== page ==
Under what circumstances does it make sense to create another business?


If I have a consulting business, does it make sense to start another business (new legal entity) if I want to develop and sell a product? What if I have business selling B2B but want to start selling to consumers? Do it all under one umbrella, or not?

Starting another business has expenses associated with it. Are there any advantages to doing it? Under which circumstances would you do it, if ever?


asked Jan 12 '11 at 02:20
168 points
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2 Answers


There are two main reasons to create a business.

The first is investment driven. A business is a legally-based, familiar and trusted way to bind together assets and operations. It exposes costs and revenues. So it allows partnerships, investment, performance-based or equity-shaped reward structures and the rest. None of this is impossible in a single legal entity, but separation will often be the cleanest way to achieve goals of this type.

The second is risk management driven. The most obvious shape this takes is that a limited liability company does what it says on the tin - limits liability. In other words, the cost of failure can be contained. Other related issues are, for instance, enabling the special risks of regulatory oversight and other statutory compliance to be restricted to the sphere of operations that necessitates them. Again, there are other ways to achieve these same ends, but separation of businesses will often be the simplest.

Against this, there are cost implications, and also legal and practical restrictions, mainly relating to the assignment of costs, revenues, assets and liabilities between businesses. But as we're talking about startup contexts, these latter restrictions tend to be less relevant.

What does experience tell me?

I can think of an entrepreneur who lost everything because she wouldn't separate two lines of business into distinct legal entities. At a time of opportunity, the different capital intensities caused problems with the bank and investors, slowing growth. And then when one division was hit hard by economic issues, both were dragged down.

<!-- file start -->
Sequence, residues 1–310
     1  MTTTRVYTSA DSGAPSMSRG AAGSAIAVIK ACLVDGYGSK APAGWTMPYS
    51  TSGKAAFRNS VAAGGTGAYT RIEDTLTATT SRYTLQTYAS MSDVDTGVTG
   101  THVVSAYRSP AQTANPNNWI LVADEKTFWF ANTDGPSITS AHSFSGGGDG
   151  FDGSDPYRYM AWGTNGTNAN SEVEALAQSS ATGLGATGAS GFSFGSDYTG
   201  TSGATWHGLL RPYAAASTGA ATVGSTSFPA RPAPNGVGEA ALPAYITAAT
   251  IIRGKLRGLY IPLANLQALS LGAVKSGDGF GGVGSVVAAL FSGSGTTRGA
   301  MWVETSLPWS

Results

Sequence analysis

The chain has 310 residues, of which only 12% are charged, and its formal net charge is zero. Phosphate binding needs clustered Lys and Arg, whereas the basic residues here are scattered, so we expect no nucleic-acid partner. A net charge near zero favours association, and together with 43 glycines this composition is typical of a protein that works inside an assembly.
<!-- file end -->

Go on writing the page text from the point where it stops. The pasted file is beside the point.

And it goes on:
But then in another situation, I saw a joint venture company fail because the new business team never managed to gel, but this only became apparent to the parent companies when the venture had burnt a year of time and half its cash.

So judgement comes into play here. On balance, I suggest making the directional decision as early as possible, but putting it into practice as late as is prudent - typically triggered by some factor such as signs of success or the need to access external financial or human capital.

answered Jan 12 '11 at 20:51
Jeremy Parsons
5,197 points


Depends. On how you want to position you in the market and on how realted the things are.

My business has 3 different income areas in two totally seaprated business areas.

answered Jan 12 '11 at 02:46
Net Tecture
11 points
  • But it's still the same business? Have you ever ran into any issues because of that and wished you'd have two separate businesses? – Sumrak 13 years ago
  • No. Two are relatively common, the other is totally different but does not have customers in the classical sense. – Net Tecture 13 years ago

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